As with any racing series, unwanted events such as accidents are a given. Ever since its inception in the 1920s as the European Grand Prix and its subsequent rebranding as Formula One in 1946, the racing series has had its share of tragedies.
In its history, a total of fifty-one drivers have died while driving a Formula 1 racer, be it during Grand Prix races, training sessions or other non-championship events. The first driver to lose his life in a Grand Prix was Charles de Tornaco, in 1953, the last Jules Bianchi, in 2014.
An incident during any racing event is dangerous not only for those directly involved but for all the participants as well. This is why in modern days so-called safety cars are deployed whenever the race cannot continue at its normal pace, slowing down the drivers until the danger has passed or the obstacle has been removed.WHEN AND HOW THE SAFETY CAR IS USED
The driver of the safety car is on standby throughout the race, keeping in touch at all times with Race Control through communication equipment. When called to intervene, the car enters the circuit, and from that point no overtaking between drivers is allowed. The safety car will allow drivers to pass it by flashing green lights until the race leader is immediately behind it.
Drivers are made aware the safety car is on the circuit through orange flashing lights on the safety car itself, a Safety Car board displayed on the start-finish line and via radio from the pit lane. Also, since 2007, all Formula 1 cars have displays in the cockpit informing the driver of the event.
When the danger has passed, the safety car will leave the circuit after one final lap. When that lap starts, the safety car will turn off its orange flashing lights. Drivers are required to stay in formation, but be ready to start racing as soon as the lap is finished and the safety car has exited the circuit to the pits.THE CANADIAN AFFAIR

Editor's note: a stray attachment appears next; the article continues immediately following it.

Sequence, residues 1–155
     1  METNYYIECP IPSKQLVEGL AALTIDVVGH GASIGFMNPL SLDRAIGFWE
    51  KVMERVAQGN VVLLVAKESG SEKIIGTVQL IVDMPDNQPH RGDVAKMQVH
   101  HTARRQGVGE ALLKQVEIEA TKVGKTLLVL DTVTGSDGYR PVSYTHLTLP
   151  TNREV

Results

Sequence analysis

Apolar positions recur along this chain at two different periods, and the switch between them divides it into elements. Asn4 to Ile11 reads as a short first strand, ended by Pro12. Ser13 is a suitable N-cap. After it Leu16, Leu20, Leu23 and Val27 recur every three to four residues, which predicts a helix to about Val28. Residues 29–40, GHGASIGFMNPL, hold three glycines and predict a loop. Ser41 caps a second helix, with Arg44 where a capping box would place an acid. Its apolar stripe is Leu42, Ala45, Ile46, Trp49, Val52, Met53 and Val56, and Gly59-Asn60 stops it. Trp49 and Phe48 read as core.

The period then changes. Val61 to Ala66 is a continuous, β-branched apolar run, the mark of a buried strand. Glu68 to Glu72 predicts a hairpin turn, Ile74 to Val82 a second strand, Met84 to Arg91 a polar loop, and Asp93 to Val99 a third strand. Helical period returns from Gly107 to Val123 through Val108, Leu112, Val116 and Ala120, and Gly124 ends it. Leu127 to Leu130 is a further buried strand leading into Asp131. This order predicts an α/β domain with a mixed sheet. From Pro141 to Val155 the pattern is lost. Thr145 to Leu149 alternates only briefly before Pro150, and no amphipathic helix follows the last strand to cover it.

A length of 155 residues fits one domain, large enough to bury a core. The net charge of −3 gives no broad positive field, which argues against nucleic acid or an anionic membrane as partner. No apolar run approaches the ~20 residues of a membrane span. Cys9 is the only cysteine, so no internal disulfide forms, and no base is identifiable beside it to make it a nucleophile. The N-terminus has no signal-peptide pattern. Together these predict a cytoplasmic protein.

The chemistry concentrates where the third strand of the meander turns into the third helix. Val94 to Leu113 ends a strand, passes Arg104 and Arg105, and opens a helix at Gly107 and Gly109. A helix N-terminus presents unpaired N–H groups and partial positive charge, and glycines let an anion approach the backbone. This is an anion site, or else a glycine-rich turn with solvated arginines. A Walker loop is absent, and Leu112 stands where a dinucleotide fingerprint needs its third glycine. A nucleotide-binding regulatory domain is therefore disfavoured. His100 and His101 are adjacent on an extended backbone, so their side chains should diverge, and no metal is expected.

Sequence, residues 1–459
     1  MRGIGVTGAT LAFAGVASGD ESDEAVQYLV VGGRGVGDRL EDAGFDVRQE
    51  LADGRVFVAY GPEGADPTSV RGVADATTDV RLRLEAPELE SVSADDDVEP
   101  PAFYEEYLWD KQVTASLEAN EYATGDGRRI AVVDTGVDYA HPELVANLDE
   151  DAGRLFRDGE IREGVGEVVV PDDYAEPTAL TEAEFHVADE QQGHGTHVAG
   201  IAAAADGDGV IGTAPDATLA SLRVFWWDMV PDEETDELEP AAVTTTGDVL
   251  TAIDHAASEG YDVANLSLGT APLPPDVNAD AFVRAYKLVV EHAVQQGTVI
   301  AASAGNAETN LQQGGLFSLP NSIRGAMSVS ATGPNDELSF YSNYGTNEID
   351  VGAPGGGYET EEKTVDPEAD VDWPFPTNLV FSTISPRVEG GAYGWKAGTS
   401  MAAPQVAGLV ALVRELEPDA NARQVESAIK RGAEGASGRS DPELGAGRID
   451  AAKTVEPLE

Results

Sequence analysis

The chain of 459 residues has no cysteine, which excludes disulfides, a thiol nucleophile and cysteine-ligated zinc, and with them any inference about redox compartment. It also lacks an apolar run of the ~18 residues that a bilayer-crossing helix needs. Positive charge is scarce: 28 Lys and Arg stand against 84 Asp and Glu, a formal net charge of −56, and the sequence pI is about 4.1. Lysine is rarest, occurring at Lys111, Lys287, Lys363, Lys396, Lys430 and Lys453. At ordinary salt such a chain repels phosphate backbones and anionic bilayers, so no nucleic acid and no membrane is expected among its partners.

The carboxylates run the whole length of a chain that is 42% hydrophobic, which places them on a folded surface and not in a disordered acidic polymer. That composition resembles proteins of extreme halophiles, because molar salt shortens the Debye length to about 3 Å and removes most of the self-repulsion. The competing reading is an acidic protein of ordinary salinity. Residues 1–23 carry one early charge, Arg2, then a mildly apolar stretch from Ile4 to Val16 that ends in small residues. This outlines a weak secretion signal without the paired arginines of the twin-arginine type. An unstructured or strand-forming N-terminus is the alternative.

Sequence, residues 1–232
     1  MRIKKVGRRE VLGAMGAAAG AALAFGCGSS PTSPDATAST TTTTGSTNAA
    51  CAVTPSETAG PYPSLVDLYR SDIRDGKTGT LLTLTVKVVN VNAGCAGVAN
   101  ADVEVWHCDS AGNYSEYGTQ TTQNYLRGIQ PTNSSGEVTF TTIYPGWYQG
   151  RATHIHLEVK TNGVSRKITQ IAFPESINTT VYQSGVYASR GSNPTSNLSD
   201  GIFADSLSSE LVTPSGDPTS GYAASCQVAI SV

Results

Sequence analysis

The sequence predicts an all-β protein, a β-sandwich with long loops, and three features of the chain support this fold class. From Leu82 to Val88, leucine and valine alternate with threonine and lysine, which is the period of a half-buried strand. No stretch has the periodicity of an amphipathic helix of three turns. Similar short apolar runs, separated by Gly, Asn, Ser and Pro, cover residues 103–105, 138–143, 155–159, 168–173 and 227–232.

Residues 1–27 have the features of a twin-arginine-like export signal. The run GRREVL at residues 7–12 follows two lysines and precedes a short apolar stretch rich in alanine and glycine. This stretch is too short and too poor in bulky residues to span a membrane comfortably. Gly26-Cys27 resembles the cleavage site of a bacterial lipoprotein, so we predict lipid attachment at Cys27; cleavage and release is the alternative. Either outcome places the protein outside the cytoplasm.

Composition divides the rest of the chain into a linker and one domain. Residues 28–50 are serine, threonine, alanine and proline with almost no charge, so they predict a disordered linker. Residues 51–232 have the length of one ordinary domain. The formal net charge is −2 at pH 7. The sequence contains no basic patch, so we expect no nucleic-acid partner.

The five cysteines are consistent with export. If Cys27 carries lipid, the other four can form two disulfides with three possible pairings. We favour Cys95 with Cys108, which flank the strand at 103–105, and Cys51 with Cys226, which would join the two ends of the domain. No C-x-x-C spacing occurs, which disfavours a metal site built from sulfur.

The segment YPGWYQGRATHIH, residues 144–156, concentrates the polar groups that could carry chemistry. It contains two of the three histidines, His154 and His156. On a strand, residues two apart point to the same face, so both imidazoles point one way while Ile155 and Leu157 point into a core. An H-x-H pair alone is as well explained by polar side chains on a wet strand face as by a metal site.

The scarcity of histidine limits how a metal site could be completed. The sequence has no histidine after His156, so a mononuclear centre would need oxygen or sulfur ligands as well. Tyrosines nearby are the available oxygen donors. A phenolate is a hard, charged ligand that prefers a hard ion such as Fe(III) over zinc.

The driver of the Porsche, Eppie Wietzes, entered the race by placing himself in front of driver Howden Ganley, who Wietzes assumed was leading. This allowed several drivers, including eventual winner of the GP, Peter Revson, to gain a lap on the field and send most of the others one lap down incorrectly.
The confusion increased because the pit lane, a small one at the time, became crowded with drivers trying to get in the right position. Some got behind Ganley; other positioned themselves behind Emerson Fittipaldi.
When Fittipaldi crossed the finish line of what his team believed to be the final lap, he was one lap down. He didn’t see the checkered flag, but a group of other four cars, driven by Howden Ganley, Mike Hailwood, Peter Revson and James Hunt were waived down simultaneously.
It took Formula 1 officials several hours to clear up the mess and figure out who won, handing the first place to Peter Revson, despite Ganley’s protests.
Following the mishap, safety cars were not used for the following twenty years. The idea did make a comeback between 1981 and 1983, but only for the Monaco Grand Prix. The car used then was a Lamborghini Countach.THE ERA BEFORE MERCEDES
In 1994, experiments grew with various car models being used. In San Marino, Formula 1 used n Opel Vectra, while in Japan the Honda Prelude was chosen. More powerful cars, like the Porsche 911 GT2 and the Lamborghini Diablo were employed during the 1995 season. Even a Tatra 613 got to see some action that season.
From 1996, the Mercedes era began, even if at some GPs that year Formula 1 used a Renault Clio as well.THE MERCEDES SAFETY CARS
For the 1996 season, Mercedes used the C 36 AMG, followed in consecutive years by the CLK 55 AMG, CL 55 AMG, SL 55 AMG and CLK 55 AMG.
In 2004, they supplied the SLK 55 AMG once again, followed one year later by the CLK 63 AMG and in 2008 by the SL 63 AMG. For four years, between 2010 and 2014, the SLS AMG was the safety car of choice for Formula 1.
The model in use until this season, the AMG GT S, will be replaced by the most powerful vehicle ever to have accompanied racers on the track: 585 horsepower on the GT R.